Florida, for example, has left most restrictions in place to prohibit owners’ freedom of action. Jarrett Sabatini, who owns Intermezzo Coffee and Cocktails in Saint Petersburg, said he expects it to break this year as the holiday increases. Bar owners said the unprecedented geographical location, in terms of weather and local restrictions, played such an important role in the economic fate of every bar.
In New York City, Greg Boehm owns two famous Christmas themed franchises – Miracle and Sippin ‘Santa – which are usually hosted by more than 100 independent bars across the country each year. He said budgets and planning were a problem this year for his operators; Some are closed forever, others temporarily.
He said, “This year has been a waiting game, with the positioning of if they can open them, how they can be opened, and whether there can be propane heaters or no propane heaters. Some are big, some are small, some are on a roof, some are in Basement “.
For major cities, the devastation in the bar industry is hurting local government budgets that have already shrunk due to the impact of Covid-19. The average cost to get a liquor license in the United States is $ 4,500, according to the American Nightlife Association, and that’s money that goes straight into local coffers. With the bars closed, fewer dollars of liquor licenses can be expected to flow.
Max Overstrom Coleman, 41, Wolf Tree, has opened a handcrafted 24-seat cocktail bar in White River Junction, Vt. , November 2019. The Manhattan native, who grew up dividing his time between New York and Vermont, moved permanently to Vermont a decade ago to pursue a Ph.D. But he never returned to school, and instead spent years working at local distilleries and traveling internationally to learn about artisanal cocktails.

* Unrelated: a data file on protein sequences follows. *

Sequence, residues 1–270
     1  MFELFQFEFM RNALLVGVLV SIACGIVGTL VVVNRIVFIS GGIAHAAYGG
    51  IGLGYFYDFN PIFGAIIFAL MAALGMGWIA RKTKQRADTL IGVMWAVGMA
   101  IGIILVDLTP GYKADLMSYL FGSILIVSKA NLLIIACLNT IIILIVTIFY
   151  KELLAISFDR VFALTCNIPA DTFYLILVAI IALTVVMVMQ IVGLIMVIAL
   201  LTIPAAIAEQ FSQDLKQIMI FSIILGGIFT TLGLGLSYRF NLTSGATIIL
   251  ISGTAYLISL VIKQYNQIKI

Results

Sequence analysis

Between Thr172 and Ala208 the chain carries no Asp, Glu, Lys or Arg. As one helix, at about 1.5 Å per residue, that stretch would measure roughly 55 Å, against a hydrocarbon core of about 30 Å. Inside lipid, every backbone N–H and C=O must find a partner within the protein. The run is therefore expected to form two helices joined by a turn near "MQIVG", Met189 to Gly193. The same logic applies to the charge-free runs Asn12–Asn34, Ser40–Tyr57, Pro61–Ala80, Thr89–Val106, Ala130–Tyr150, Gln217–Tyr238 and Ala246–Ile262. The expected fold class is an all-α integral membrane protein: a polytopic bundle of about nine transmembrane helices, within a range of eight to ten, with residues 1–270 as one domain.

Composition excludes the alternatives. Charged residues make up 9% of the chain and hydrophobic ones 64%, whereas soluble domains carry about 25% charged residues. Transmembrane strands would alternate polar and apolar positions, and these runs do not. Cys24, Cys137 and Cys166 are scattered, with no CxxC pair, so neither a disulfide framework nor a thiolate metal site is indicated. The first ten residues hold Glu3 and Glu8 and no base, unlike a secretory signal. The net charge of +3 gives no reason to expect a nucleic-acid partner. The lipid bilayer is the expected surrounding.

Last year, he finally rented a small space, installed new wiring and plumbing and unlocked the 700-square-foot tape. “The only thing that could have been a worse idea was the kissing booth,” he said.
He said two nearby theaters were still empty, wiping out the pre- and post-show crowds. “300 people a night aren’t in town anymore.”
He described his financial situation as “terrible”. He lost 50% of sales when the pandemic started and another 50% of that after the last shutdown on November 13 not only is his business at stake but, like many small and independent operators, so is his personal accounts and assets.
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Edward Webb, a partner at BPM Partners, a consulting firm, said many independent bar and restaurant owners are required to pledge their personal fortunes and assets to take out bank loans.
Kathleen Anderson, 47, and about 20 other women used to populate local bars in Watertown, Massachusetts, for vacation every year. She said they usually spend $ 500 at the first bar, after which “it becomes a mystery.”
“The whole thing was just putting on the silly silly Christmas clothes and hats and the things flashing,” she said. “We were a group of mothers yelling.”
This year, she said, the crew is talking about a Zoom party and maybe some wine at home.
Write to Julie Wernau at [email protected]